Most IT departments and by extension many Security teams have a major branding and marketing problem when it comes to security awareness and training.
It matters as much how you say something as it does what you say.
Also keep in mind, as other responders have alluded to, Awareness is not the same as Training and we should always remember that they go hand-in-hand.
I think it's important to first start with a strategy in mind of how you plan to connect with your target audience, who that target audience is, and what types if information they may or may not be receptive to.
From there, I think it's important that When you're creating or conducting security awareness and training that you have a few core values or pillars front of mind. The reason this is important because you always want to be consistent with your message. When you deviate or spread random ideas you find on the internet, that leads to misinformation, which leads to confusion, which leads to your messaging not maintaining consistency with what is actually important for your audience.
For me those pillars are:
Vigilance - This is emphasized by using consistent and reoccuring themes of reminding end users to always have a little bit of skepticism in the back of their mind when they are using the internet, email, etc.
Speed of Reporting - This is maybe the most important pillar in my opinion. I always stress, in everything I send out and piece of content I create, that it's vitally important that end users alert IT/Security/etc., of any suspicious emails, websites they may have visited, behavior in the office. Anything that looks or sounds or appears like it might be nefarious or suspicious, to please report it immediately.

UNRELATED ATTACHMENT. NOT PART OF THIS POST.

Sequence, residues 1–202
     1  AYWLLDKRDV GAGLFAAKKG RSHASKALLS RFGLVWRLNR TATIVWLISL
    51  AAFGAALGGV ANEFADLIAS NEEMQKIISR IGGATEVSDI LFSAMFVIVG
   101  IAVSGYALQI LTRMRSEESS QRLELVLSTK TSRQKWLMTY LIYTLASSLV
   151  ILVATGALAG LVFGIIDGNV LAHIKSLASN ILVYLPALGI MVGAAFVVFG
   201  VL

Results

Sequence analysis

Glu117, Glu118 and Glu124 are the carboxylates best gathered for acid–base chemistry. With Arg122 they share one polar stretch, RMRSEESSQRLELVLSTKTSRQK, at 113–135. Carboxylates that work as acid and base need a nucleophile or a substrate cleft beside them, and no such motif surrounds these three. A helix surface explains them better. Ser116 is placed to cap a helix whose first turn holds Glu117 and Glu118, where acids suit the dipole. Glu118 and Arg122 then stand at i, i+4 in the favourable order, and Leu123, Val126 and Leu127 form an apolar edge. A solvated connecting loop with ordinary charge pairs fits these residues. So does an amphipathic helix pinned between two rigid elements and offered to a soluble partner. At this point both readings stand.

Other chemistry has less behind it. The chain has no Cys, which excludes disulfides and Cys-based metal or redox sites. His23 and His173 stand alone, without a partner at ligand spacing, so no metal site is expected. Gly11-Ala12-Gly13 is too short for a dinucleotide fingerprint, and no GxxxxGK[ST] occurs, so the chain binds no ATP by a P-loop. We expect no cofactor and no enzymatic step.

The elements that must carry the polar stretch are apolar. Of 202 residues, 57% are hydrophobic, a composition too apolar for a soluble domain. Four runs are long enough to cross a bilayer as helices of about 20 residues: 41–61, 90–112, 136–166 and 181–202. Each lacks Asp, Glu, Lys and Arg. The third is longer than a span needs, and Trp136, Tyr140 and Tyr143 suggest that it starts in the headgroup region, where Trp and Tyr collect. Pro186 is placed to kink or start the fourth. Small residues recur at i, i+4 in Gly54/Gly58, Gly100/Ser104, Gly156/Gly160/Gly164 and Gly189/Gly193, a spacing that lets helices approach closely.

Caution when Clicking - This is the common sense pillar you hear all over the industry. Think before you click, etc, etc. While tacky or cliche, it's solid advice. Encourage and reinforce with end users to take a few seconds and analyze the context surrounding that email or that link or that attachment or whatever the situation may be. Another good term for this might be situational awareness. Taken out of context a link in an email to reset your email password might seem benign. Until you realize it was sent from .
When i'm creating content, talking about security with end users, performing assessments or testing, I always always think about how my messaging is conveying these 3 things first.
Lastly, I think it's important to think about Security Awareness, like a brand or in the eyes of a media company. Newsletters and email blasts get boring. It's important to consider, like I said above, how you are communication just as much as what you are saying.